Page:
Adam Sandler Ben Stiller Dustin Hoffman Emma Thompson Candice Bergen
Rebecca Miller Judd Hirsch Grace van Patten Elizabeth Marvel Adam Driver
If you want to see a dysfunctional family in action, see the Meyerowitz Stories on Netflix. Much—especially in the beginning—is painful to watch and listen to, but as time goes on, and genuine caring and concern are mixed in with the rancor and bickering, it finally gets to laugh-out-loud funny. Noah Baumbach, writer/director knows much of what he speaks in terms of the psychology of family interactions. It’s dramatized, of course, and there are some scenes I wish he had toned down a bit to make the film more tolerable and plausible, but for the most part it’s a rich store of family dynamics. Sibling rivalry and its sources (absence of parents, favoritism of parents), the neediness of people who have grown up missing nurturance and acceptance they craved as children, and the effects of divorce and remarriage on children and spouses live on in people’s adult lives—as clearly demonstrated by the film.
Harold Meyerowitz (Hoffman), the patriarch of this clan, is obsessed with his art to the exclusion of almost everything else. He seems to have been a successful teacher, but the value of his art productions is not clear. Harold’s obsession with his art and his place in the art world extends to his interest in his favorite son Matthew (Stiller), whom he sees as being a contributor to his art, despite the fact that his son Danny (Sandler) used to be a musician and in adulthood has been much more involved in his father’s life. His daughter Jean (Marvel) represents the child almost completely forgotten by everyone, except she has managed to maintain a texting relationship with Matthew and Danny’s daughter Eliza (van Patten).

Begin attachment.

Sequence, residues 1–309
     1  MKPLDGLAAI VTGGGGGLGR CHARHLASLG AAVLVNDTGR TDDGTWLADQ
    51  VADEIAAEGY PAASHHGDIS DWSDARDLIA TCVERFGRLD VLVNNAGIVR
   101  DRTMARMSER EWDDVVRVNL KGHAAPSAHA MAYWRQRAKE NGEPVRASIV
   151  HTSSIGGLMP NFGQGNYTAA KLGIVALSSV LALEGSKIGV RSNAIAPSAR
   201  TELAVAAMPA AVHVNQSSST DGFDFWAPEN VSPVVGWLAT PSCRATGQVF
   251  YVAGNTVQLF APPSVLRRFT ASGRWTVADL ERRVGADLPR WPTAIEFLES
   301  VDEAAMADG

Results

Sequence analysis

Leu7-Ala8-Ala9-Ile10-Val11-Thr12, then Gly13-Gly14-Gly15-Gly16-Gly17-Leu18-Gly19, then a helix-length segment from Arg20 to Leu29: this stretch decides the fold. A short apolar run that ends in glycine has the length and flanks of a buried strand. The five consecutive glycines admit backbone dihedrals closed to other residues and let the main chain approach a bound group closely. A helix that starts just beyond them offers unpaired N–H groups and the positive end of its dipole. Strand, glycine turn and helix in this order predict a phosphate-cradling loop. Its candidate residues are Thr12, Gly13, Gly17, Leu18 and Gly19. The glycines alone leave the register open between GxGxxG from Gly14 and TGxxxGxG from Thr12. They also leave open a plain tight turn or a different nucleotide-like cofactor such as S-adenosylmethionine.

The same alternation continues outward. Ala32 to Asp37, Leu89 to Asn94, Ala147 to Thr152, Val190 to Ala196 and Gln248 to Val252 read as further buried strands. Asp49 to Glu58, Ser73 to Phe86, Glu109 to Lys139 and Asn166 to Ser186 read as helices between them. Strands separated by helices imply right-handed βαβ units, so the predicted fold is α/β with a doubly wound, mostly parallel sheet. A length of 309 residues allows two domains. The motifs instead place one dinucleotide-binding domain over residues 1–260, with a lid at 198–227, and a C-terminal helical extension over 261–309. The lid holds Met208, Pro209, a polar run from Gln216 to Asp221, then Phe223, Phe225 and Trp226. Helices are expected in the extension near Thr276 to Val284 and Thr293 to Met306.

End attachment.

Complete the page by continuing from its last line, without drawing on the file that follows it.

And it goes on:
There are hit and miss visits among family members, none of which appear to be satisfying to anyone, then Harold becomes seriously ill, which serves as a catalyst in bringing out more pointed and emotionally productive encounters. These inform us—and them—about the sources of their various discomforts and resentments and significant events they have endured, giving us a good picture of how the family members came to be who they are today.
Baumbach’s direction is solid, and Randy Newman’s music and piano accompaniment throughout give a lilt to the drama and comedy onscreen. Similarly, Robbie Ryan’s cinematography highlights, focuses, and shifts with the action, giving us the sense of being inside the picture observing a real family.
Both Adam Sandler and Ben Stiller are a question marks for me before I see one of their movies. Adam was great in his work on “Saturday Night Live” and in Spanglish, but That’s My Boy, Big Daddy, and The Waterboy are insipid and show none of his acting skills. Similarly, Ben Stiller has been exemplary in Brad’s Status and The Secret Life of Walter Mitty, after bombs Zoolander 2 and Along Came Polly. Here, with the good script and the direction of Baumbach, they are at their best, and supported by a number of good actors (Hoffman, Thompson, van Patten, and Marvel, with cameos by Bergen, Miller, and Driver).
Picture of a dysfunctional family that comes together (mostly) during the patriarch’s life-threatening illness.